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dc.contributor.authorByrne, Aidan
dc.contributor.authorFleming, Samantha
dc.date.accessioned2018-02-15T14:39:24Z
dc.date.available2018-02-15T14:39:24Z
dc.date.issued2018-05-01
dc.identifier.issn0022-3840
dc.identifier.doi10.1111/jpcu.12680
dc.identifier.urihttp://hdl.handle.net/2436/621115
dc.description.abstractFiction by fans is not new: despite the development of copyright law in the eighteenth century, unofficial sequels were common. For example, Samuel Richardson’s Pamela (1740) was followed by anonymous and pseudonymous sequels and satires, including Pamela’s Conduct in High Life (1741) and Conny Keyber’s (Henry Fielding’s) An Apology for the Life of Mrs Shamela Andrews (1741). The commercial publishing world still produces such work: Jane Austen sequels and retellings include Arielle Eckstut’s Pride and Promiscuity: The Lost Sex Scenes of Jane Austen, Seth Grahame-Smith’s Pride and Prejudice and Zombies (2009), Mitzi Szereto’s Pride and Prejudice: Hidden Lusts (2011), P. D. James’s Death Comes To Pemberley (2011), Jo Baker’s Longbourn (2014), Val McDermid’s Northanger Abbey (2015), and Curtis Sittenfeld’s Eligible (2016). The market recognizes and legitimizes consumer demand for derivative fiction.
dc.language.isoen
dc.publisherWiley Blackwell
dc.relation.urlhttp://onlinelibrary.wiley.com/journal/10.1111/(ISSN)1540-5931
dc.subjectfan fiction
dc.subjectcultural studies
dc.subjectliterary studies
dc.subjecterotica
dc.subjectpornography
dc.subjectpopular culture
dc.subjectneoliberalism
dc.titleSex sells (out): Neoliberalism and erotic fan fiction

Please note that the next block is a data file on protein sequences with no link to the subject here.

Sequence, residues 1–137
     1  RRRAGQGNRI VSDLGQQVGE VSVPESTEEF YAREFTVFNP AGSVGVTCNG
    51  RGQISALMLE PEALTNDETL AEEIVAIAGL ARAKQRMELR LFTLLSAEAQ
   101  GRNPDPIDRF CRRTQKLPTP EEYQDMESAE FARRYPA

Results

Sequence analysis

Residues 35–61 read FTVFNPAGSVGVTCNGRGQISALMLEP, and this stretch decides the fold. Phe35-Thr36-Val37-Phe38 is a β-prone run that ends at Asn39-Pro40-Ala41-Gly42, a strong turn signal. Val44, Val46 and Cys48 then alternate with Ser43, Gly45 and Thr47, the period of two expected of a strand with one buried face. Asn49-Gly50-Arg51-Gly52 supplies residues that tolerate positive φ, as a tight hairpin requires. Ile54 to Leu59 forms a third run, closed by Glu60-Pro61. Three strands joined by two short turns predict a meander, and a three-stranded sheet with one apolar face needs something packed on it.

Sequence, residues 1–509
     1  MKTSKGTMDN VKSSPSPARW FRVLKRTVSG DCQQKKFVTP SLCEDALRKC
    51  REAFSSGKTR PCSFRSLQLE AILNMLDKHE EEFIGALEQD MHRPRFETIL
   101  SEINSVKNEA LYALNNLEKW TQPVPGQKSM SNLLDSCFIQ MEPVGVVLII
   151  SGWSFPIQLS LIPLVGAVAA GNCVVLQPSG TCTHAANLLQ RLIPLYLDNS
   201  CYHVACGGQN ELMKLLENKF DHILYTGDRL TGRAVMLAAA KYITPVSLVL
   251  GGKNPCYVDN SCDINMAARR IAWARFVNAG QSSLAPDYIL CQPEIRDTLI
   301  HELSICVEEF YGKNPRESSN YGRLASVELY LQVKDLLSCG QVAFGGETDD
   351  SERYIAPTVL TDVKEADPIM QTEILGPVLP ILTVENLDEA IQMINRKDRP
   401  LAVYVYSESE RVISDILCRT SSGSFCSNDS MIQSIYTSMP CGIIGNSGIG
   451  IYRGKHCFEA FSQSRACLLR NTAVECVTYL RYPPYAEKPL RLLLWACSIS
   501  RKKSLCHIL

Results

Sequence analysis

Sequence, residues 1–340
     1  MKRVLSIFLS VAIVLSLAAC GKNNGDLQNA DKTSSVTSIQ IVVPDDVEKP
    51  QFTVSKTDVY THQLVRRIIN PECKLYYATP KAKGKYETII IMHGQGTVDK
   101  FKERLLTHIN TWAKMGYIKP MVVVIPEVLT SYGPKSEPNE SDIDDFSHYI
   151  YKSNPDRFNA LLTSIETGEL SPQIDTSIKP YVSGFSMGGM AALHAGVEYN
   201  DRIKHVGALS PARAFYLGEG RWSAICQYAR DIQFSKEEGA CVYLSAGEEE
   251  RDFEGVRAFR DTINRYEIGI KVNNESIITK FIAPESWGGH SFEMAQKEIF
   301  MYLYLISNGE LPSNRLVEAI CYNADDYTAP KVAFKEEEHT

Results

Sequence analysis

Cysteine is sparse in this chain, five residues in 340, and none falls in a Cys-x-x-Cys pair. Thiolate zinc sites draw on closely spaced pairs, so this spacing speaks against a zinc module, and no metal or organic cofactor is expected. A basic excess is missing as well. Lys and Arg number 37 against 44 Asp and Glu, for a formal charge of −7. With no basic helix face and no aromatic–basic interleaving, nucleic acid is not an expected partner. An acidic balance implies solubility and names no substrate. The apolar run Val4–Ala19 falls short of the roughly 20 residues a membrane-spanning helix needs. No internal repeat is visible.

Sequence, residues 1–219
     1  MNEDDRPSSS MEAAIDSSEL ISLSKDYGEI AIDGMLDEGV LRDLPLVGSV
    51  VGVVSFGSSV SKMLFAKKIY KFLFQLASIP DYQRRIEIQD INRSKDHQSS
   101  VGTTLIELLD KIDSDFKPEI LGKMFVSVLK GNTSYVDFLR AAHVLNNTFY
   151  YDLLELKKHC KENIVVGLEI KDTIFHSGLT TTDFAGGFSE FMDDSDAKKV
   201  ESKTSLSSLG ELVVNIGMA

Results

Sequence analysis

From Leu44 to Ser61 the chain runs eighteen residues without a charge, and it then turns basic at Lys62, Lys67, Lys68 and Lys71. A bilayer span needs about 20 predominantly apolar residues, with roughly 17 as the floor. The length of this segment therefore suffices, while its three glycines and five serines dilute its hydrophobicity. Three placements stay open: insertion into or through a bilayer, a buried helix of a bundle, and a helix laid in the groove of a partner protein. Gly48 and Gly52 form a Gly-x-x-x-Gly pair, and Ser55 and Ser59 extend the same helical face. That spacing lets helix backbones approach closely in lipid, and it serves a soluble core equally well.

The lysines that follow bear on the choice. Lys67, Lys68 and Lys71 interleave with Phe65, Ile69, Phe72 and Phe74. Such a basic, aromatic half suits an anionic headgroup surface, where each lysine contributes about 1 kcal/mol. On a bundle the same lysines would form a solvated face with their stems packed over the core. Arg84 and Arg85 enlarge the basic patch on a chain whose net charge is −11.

dc.typeJournal article
dc.identifier.journalJournal of Popular Culture
dc.date.accepted2018-02-01
rioxxterms.funderInternal
rioxxterms.identifier.projectUoW150218AB
rioxxterms.versionAM
rioxxterms.licenseref.urihttps://creativecommons.org/CC BY-NC-ND 4.0
rioxxterms.licenseref.startdate2020-08-01
dc.source.volume51
dc.source.issue3
dc.source.beginpage693
dc.source.endpage715
refterms.dateFCD2018-10-19T08:32:40Z
refterms.versionFCDAM
html.description.abstractFiction by fans is not new: despite the development of copyright law in the eighteenth century, unofficial sequels were common. For example, Samuel Richardson’s Pamela (1740) was followed by anonymous and pseudonymous sequels and satires, including Pamela’s Conduct in High Life (1741) and Conny Keyber’s (Henry Fielding’s) An Apology for the Life of Mrs Shamela Andrews (1741). The commercial publishing world still produces such work: Jane Austen sequels and retellings include Arielle Eckstut’s Pride and Promiscuity: The Lost Sex Scenes of Jane Austen, Seth Grahame-Smith’s Pride and Prejudice and Zombies (2009), Mitzi Szereto’s Pride and Prejudice: Hidden Lusts (2011), P. D. James’s Death Comes To Pemberley (2011), Jo Baker’s Longbourn (2014), Val McDermid’s Northanger Abbey (2015), and Curtis Sittenfeld’s Eligible (2016). The market recognizes and legitimizes consumer demand for derivative fiction.


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